Over the last several years, mining issuers in Canada have started to integrate the use of social media such as Facebook, LinkedIn and Twitter into their marketing and client communications. This update outlines the application of existing securities law in Ontario to social media communications by reporting issuers, and offers some helpful guidelines for resource-focused public companies implementing a social media strategy.

CSA Staff Notice 31-325

The Ontario Securities Commission (OSC)’s only comments to date on social media are contained in CSA Staff Notice 31-325 –Marketing Practices of Portfolio Managers (SN 31-325). Although this communique only relates to registered portfolio managers, it may be a useful starting point for the OSC if it were to address social media issues arising in other areas of securities regulation.

In SN 31-325, the OSC recognizes the growing use of social media by portfolio managers to market their business activities and communicate with clients. The OSC states its expectation that firms and registered individuals comply with applicable regulatory requirements and securities legislation in their use of social media outlets. In so far as it applies to reporting issuers and their insiders, SN 31-325 recommends that firms consider establishing policies and procedures for the review, supervision, retention and retrieval of materials on social media web sites and designate an appropriate individual at the company level to be responsible for the supervision of web-based communications.

Ontario Securities Law

Resource issuers in Ontario are reminded that all public disclosure is governed by, and must comply with, National Instrument 51-102 – Continuous Disclosure Obligations, National Policy 51-201 – Disclosure Standards and National Instrument 43-101 – Standards of Disclosure for Mineral Projects, in addition to the disclosure rules of any applicable stock exchange.

Issuers must be careful not to post non-compliant information on their websites or through social media. The exact same rules and disclosure standards that apply to public filings also apply to information that an issuer posts or links to online. An issuer is deemed to “own” all information made available through its online presence, whether it’s filed on SEDAR or tweeted. Furthermore, it does not matter whether the issuer produces the content or merely provides a link to it; the issuer will be held responsible if the content in question breaches the disclosure rules. In particular, resource issuers must avoid linking or posting tweets, articles, or documents containing production rates, cost estimates or any other disclosure of potential economic outcomes related to their projects without having first established a current CIM (Canadian Institute of Mining)-compliant preliminary economic assessment.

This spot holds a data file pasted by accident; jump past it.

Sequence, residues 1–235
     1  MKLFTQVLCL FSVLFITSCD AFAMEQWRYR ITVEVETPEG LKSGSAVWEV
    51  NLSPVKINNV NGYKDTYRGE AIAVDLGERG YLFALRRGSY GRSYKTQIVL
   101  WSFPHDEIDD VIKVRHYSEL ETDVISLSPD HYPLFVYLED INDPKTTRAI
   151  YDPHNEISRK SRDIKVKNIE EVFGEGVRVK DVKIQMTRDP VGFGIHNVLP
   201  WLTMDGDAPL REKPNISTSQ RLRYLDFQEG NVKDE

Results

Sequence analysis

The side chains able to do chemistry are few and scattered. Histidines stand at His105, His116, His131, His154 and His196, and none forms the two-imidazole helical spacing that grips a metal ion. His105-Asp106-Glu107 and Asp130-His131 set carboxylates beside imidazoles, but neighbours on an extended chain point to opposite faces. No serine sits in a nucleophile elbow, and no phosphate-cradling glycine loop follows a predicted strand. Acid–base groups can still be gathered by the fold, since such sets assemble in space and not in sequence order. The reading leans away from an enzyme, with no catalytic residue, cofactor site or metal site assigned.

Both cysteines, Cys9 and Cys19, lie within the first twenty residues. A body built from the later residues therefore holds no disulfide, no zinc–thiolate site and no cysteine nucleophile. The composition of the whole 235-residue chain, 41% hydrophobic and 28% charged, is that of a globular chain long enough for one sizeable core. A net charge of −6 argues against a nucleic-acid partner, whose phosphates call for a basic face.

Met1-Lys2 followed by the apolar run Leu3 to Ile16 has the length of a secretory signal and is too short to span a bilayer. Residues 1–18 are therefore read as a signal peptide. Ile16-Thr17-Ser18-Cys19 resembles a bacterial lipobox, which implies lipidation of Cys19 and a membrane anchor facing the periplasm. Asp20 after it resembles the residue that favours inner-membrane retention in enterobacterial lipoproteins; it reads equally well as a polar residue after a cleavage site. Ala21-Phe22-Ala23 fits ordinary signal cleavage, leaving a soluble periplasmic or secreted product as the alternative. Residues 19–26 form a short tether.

Summary and Recommendations

Though the OSC has yet to provide comprehensive guidance on the use of social media communication for reporting issuers in Ontario, here are some helpful guidelines to assist resource-based issuers when posting or linking items on its website or through social media channels:

  1. Your website, Facebook, LinkedIn and Twitter accounts form part of your mineral disclosure record. The mining disclosure rules apply to all written disclosures, including both paper and electronic documents shown to the public. Investor presentations, fact sheets, and web site and social media posts about a project must adhere to all relevant disclosure rules.
  2. Establish Internal Controls. Issuers are encouraged to institute policies and procedures for the review, preparation and dissemination of materials on social media outlets and the company’s home webpage, and to designate a suitable individual to be responsible for such accounts to ensure compliance with securities law. This should be part of the issuer’s disclosure policy.
  3. Avoid promotional disclosure. The OSC requires all disclosure to be unbiased, and OSC staff may take serious issue with rosy language concerning a mineral project (such as “world class”). Under National Instrument 43-101, any mention of the potential size of an exploration target must be expressed as a range of tonnes and grade, and must be grounded in geological reality.
  4. Include cautionary language. Both exploration targets and historical estimates must be put into context. To do this, issuers must include cautionary language any time a historical estimate is quoted in a disclosure document. Additional requirements apply when projects progress to the mineral resource estimate stage. Any disclosure of potential costs, revenues, or cash flows is considered a “preliminary economic assessment” under National Instrument 43-101. Such disclosures must include prescribed cautionary language, and must be supported by a publicly-filed independent technical report.
  5. Establish Website Disclaimer. Add a noticeable link to a disclaimer on the issuer’s website which includes a cautionary statement on forward-looking information. A hyperlink to the disclaimer can be used in tweets and other social media where there are constraints on the amount of text being presented.

NOTE: This publication is intended to provide information to clients on recent developments in provincial and national law. Articles in this newsletter are not legal opinions and readers should not act on the basis of these articles without first consulting a lawyer who will provide analysis and advice on a specific matter.